By Doug Macron
Roche this week said it will shut down its in-house RNAi-related research activities as part of a broader cost-savings initiative that will include cutting its workforce by 6 percent over the next two years.
The company, which had been one of a handful of big pharmas to invest heavily in RNAi as a therapeutic modality, said it is responding to "mounting cost pressures in healthcare" and to "increasing hurdles for the approval and pricing of new medicines."
By streamlining its operations, Roche said it will be able to "focus its investments on innovations that promise the greatest clinical benefit for patients," and a greater emphasis on late-stage drug candidates.
"Following a comprehensive portfolio review, Roche will discontinue certain activities in research and early development," the company said. "These include RNA interference research in Kulmbach, Germany, and in Nutley, New Jersey, and Madison, Wisconsin, in the US."
Roche said that approximately 600 employees will "be affected" as a result of the move.
Of the total 4,800 positions Roche will eliminate under its reorganization plan, about 800 jobs will be transferred to other Roche sites, while another 700 will be outsourced to third parties.
It was not immediately clear whether any RNAi-related employees would be transferred or outsourced.
A Roche spokesperson told Gene Silencing News in an e-mail that the company is "evaluating creative ways to preserve some of [the RNAi] sites in a non-Roche environment."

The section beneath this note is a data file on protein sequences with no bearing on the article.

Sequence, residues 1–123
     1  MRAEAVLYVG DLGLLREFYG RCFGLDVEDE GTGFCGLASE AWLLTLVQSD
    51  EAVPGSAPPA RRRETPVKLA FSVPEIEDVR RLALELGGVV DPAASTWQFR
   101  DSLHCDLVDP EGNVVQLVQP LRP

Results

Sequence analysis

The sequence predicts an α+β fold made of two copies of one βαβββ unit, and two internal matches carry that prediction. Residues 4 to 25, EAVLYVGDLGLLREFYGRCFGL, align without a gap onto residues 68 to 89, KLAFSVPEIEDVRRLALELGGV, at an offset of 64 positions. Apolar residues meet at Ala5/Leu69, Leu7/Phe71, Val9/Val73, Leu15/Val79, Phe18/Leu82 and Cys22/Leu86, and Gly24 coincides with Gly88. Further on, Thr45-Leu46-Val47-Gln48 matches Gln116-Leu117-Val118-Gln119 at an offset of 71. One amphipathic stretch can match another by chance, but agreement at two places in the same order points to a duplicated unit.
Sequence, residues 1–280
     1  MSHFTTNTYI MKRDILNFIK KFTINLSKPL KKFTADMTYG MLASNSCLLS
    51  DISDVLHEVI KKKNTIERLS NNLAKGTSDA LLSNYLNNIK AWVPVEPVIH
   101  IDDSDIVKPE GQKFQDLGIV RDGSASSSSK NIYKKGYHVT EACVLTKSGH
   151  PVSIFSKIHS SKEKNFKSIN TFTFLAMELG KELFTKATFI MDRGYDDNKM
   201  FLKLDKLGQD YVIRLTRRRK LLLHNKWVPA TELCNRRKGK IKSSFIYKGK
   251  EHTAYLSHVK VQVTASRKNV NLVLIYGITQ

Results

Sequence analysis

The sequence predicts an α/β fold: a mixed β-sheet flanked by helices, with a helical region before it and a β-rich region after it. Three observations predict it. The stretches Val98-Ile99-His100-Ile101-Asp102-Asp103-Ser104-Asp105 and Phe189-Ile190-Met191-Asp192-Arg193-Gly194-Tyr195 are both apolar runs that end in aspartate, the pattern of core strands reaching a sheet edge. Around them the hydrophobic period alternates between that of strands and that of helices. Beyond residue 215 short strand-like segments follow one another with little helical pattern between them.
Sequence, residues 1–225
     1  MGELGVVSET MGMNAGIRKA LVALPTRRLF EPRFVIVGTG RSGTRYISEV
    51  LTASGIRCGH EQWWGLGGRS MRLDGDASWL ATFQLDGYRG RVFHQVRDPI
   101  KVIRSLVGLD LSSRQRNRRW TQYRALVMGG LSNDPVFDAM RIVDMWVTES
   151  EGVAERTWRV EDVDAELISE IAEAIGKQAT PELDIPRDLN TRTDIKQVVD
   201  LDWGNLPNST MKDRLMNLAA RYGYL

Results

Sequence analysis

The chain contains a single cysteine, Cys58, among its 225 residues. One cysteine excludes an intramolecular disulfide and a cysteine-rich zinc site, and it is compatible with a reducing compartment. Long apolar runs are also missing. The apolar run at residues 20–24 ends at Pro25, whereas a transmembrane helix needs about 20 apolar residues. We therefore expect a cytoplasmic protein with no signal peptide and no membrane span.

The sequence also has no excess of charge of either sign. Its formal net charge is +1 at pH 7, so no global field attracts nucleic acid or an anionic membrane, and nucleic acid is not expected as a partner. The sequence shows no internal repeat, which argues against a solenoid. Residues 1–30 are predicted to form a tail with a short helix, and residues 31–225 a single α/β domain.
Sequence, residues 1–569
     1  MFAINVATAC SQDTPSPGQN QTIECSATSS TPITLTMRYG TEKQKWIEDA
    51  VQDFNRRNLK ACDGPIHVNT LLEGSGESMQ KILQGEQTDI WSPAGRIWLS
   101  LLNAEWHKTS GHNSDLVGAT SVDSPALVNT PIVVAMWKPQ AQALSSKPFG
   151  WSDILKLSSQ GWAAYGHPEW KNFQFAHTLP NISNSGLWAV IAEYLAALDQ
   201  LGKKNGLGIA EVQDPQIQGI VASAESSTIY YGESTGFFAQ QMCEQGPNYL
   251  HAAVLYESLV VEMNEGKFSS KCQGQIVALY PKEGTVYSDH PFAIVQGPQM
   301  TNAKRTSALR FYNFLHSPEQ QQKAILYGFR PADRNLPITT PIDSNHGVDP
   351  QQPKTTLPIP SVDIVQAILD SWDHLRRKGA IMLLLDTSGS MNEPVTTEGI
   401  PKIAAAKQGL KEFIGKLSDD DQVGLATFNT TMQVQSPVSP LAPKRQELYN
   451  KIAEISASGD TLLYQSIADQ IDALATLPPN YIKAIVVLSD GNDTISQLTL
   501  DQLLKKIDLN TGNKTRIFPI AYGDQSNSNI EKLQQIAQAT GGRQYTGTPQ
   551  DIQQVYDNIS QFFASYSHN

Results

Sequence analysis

She added that Roche will continue to "explore the potential of RNAi and other RNA-based technologies as a therapeutic modality, but this will be done via external collaborations."
"This is a comprehensive, focused initiative to reinforce Roche’s long-term innovation capability in the face of increased price pressures and a more challenging market environment," Roche CEO Severin Schwan said in a statement. "We will continue to drive our highly promising product pipeline … and contribute to more efficient healthcare systems.
"These measures are necessary to ensure sustained success of the company," he added. "We will make every effort to find socially responsible solutions for the employees affected."
Roche said that the cutbacks will save 1.8 billion Swiss francs ($1.8 billion) in 2011, and 2.4 billion Swiss francs from 2012 onward.
In the RNAi space, the two firms most likely to be affected by the situation — Alnylam Pharmaceuticals and Tekmira Pharmaceuticals, which had struck major partnerships with Roche — downplayed the impact the decision would have on their operations.
In a statement, Alnylam CEO John Maraganore said that "while we are disappointed and surprised to hear of [Roche's] portfolio decision given the progress being made in the RNAi field, we remain more confident than ever in our efforts to advance RNAi therapeutics."
Meanwhile, Tekmira President and CEO Mark Murray said in a statement that Roche's decision is not expected to have "a substantive impact on our business going forward.
[ pagebreak ]